Named Social worker for people with learning disabilities- findings from pilot

Published by: Department of Health – July 2017

This report sets out the findings from the six sites which have been part of the Named Social Work programme during the six months from October 2016 to March 2017.

In this report you will find a summary of the impact that has been achieved in piloting a Named Social Worker approach as well as detailed findings from each of the six sites, set in the context of the scope and focus of their pilot; a set of programme level insights, drawn from the sites, about the implications of introducing a Named Social Worker model; and a selection of tools that sites have developed or adapted in order to implement their Named Social Worker model.

The programme also provided insight into how a Named Social Worker model can shift outcomes; by providing permission for social workers to work in new ways; by setting expectations around working more closely with individuals; by opening up visibility across the system for named social workers to engage at different stages of an individual’s journey; and by being an endeavour of the whole team.

More information and access to findings from each of the pilot sites are available on the SCIE website:

http://www.scie.org.uk/social-work/named-social-worker/findings-from-pilot-sites?utm_campaign=8547990_SCIELine%2010%20August%202017&utm_medium=email&utm_source=SCIE&utm_sfid=003G000002M8lpWIAR&utm_role=Manager&dm_i=4O5,537O6,L0O1XX,JHTA6,1

NICE seeks to improve autistic people’s health and wellbeing (1 August 2017)

A new recommendation from NICE (the National Institute of Health and Clinical Excellence) seeks to improve autistic people’s experiences of GP services in England. It encourages GPs to record someone’s autism diagnosis, in a step that The National Autistic Society believes could help to tackle the unacceptable health inequality faced by autistic people.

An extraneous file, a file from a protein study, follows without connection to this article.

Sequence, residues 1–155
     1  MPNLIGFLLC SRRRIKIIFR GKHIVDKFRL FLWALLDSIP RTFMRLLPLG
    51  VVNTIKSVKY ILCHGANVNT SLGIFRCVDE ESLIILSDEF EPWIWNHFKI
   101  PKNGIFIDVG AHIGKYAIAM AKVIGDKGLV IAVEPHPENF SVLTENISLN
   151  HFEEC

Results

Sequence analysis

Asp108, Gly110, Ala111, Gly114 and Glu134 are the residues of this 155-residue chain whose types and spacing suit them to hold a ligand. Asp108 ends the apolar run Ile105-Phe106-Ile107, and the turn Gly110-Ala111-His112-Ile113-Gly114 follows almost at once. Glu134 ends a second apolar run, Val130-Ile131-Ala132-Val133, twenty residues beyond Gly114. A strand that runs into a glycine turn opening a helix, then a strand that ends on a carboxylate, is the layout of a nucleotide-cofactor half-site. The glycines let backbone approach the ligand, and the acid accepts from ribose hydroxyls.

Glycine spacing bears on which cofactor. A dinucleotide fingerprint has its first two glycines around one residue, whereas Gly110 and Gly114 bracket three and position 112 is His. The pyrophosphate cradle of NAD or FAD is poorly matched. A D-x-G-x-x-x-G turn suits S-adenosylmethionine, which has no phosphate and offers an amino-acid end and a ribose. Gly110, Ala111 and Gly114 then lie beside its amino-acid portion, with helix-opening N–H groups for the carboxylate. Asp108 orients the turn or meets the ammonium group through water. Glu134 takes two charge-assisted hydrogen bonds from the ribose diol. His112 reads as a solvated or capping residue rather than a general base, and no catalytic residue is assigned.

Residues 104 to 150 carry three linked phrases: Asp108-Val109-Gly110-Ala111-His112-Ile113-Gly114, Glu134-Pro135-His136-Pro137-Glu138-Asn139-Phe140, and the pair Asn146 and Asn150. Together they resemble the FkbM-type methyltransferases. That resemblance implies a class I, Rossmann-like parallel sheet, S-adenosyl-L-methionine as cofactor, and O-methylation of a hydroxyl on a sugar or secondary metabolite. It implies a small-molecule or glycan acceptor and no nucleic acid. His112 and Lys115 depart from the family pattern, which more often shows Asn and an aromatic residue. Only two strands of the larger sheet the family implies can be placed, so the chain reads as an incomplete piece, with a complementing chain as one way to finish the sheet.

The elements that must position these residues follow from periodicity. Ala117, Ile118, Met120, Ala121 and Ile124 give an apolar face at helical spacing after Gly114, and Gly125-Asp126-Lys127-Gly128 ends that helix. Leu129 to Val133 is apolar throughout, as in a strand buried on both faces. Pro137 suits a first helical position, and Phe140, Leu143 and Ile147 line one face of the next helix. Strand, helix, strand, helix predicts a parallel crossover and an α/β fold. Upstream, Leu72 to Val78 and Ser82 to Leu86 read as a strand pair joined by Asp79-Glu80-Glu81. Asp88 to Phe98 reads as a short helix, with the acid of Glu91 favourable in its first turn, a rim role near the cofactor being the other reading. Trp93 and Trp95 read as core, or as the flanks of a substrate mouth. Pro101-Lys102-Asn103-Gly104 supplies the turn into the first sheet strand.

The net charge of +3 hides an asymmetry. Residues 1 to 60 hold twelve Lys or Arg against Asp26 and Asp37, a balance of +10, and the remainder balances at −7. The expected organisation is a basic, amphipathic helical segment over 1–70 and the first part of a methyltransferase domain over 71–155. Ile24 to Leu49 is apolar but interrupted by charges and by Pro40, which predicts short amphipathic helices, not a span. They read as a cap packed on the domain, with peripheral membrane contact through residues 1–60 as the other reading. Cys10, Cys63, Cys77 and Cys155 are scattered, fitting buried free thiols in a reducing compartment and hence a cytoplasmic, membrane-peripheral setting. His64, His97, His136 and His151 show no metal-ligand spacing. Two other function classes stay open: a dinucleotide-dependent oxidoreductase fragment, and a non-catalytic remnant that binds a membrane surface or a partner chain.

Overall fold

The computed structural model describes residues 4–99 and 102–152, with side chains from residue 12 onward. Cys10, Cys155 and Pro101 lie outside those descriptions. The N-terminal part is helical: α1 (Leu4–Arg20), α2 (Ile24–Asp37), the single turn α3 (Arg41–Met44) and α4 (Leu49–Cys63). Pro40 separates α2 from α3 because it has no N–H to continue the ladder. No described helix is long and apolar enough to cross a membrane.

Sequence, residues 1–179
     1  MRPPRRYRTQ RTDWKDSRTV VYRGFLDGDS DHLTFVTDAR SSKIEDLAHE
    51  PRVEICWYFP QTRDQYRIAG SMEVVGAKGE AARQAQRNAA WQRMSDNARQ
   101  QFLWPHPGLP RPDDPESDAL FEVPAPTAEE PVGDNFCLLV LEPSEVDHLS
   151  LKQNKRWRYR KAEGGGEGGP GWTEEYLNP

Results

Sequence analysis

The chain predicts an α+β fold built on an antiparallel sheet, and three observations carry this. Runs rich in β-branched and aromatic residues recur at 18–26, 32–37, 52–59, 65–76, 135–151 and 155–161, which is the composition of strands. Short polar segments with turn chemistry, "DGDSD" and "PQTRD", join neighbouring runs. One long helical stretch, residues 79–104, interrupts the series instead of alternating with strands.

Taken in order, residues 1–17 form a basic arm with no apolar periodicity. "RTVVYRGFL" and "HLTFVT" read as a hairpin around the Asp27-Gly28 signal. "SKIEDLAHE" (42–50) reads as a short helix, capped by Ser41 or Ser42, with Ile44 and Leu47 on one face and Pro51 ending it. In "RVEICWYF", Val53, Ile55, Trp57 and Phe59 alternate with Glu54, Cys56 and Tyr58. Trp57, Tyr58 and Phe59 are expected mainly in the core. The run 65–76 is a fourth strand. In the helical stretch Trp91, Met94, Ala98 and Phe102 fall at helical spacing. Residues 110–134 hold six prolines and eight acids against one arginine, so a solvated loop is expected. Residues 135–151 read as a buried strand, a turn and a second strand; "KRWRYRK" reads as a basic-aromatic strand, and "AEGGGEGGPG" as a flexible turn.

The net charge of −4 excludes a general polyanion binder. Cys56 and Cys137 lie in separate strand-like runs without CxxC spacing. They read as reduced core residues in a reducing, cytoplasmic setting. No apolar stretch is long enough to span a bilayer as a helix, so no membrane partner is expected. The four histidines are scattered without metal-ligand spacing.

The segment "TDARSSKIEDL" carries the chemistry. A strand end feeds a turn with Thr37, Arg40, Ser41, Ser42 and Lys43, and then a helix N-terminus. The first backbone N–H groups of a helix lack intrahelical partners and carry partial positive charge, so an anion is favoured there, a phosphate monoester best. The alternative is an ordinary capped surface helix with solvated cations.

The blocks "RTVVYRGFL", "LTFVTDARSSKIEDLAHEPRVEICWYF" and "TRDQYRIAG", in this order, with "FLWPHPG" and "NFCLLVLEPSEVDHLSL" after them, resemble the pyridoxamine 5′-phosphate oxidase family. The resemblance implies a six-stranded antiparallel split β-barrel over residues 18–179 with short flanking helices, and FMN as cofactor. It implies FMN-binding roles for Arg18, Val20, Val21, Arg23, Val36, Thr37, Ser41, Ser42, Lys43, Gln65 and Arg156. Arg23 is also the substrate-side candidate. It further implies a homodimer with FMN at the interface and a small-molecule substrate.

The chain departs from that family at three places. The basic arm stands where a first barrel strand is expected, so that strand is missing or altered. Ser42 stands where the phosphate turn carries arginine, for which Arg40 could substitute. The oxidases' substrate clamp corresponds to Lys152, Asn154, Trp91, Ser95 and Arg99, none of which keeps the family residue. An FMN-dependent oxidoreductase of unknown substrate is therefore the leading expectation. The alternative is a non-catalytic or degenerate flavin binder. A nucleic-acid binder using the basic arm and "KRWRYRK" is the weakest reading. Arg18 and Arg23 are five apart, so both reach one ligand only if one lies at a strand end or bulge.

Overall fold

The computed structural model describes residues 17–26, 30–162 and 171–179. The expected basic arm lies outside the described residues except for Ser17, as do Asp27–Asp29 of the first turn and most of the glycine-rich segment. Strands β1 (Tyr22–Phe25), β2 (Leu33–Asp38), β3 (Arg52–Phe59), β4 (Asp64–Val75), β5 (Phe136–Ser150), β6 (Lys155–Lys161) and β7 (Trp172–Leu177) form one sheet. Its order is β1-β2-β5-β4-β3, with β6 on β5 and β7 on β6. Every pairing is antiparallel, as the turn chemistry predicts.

More information from the NAS here:

http://www.autism.org.uk/get-involved/media-centre/news/2017-08-01-nice.aspx

Development of Pict-O-Stat: Violence – Focus On Experiences of Violence and a Survey That Can Be Completed by the Individuals Themselves

The purpose of this paper was to find a method that makes it possible for people with intellectual disabilities to independently contribute to population-based research on sensitive subjects. It is important to be able to answer questionnaires independently in sensitive research areas because the participant may not want to ask for help in answering a questionnaire about sexual violence, domestic violence, etc.

Kerstin Kristensen and Anders Möller (2017) “Development of Pict-O-Stat: violence – focus on experiences of violence and a survey that can be completed by the individuals themselves”, Journal of Adult Protection, Vol. 19 Iss: 3, pp.146-1557

For more from the Journal of Adult Protection please go here.

To access the paper via Care Knowledge go here:

https://www.careknowledge.com/resources/journals/adult-protection/2017/issue3/development-of-pict-o-stat-violence?utm_source=http://news.pavpub.com/olmgroup_prolz/&utm_medium=email&utm_campaign=CK%20Friday%2011th%20August%20Overview&utm_term=Ending%20%e2%80%9cout%20of%20area%e2%80%9d%20placements,%20the%20fragility%20of%20the%20care%20home%20market,%20conflicts%20of%20interest%20in%20social%20care,%20palliative%20care%20in%20care%20homes,%20an%20improvement%20notice%20issued%20to%20Gloucestershire,%20sexual%20orientation%20and%20suicidal%20behaviour%20in%20young%20LGB%20people,%20homelessness%20projections,%20what%20is%20it%20like%20to%20live%20in%20a%20care%20home?,%20living%20standards%20and%20ethnicity%20and%20more&utm_content=165692&gator_td=TVno9K4ajc/HAXrycbssVu2xj2SsEHAq3rx2E4ewGCufiBm7aw87wVjTcb/5PXeBdjkazC+pBDBrQ1wEgqxUjaxMYY3Fplm+1bz9PffYcn+xcin0REpAEXZFNK7JT6HrgXlIwXYbSz9qDQOSuvbX592OXcjep0c0ihwp4i0G6BpA/HGlhDibKeOLZa/mevfUKRuOP2QKAxD0cWD17y4EOQ==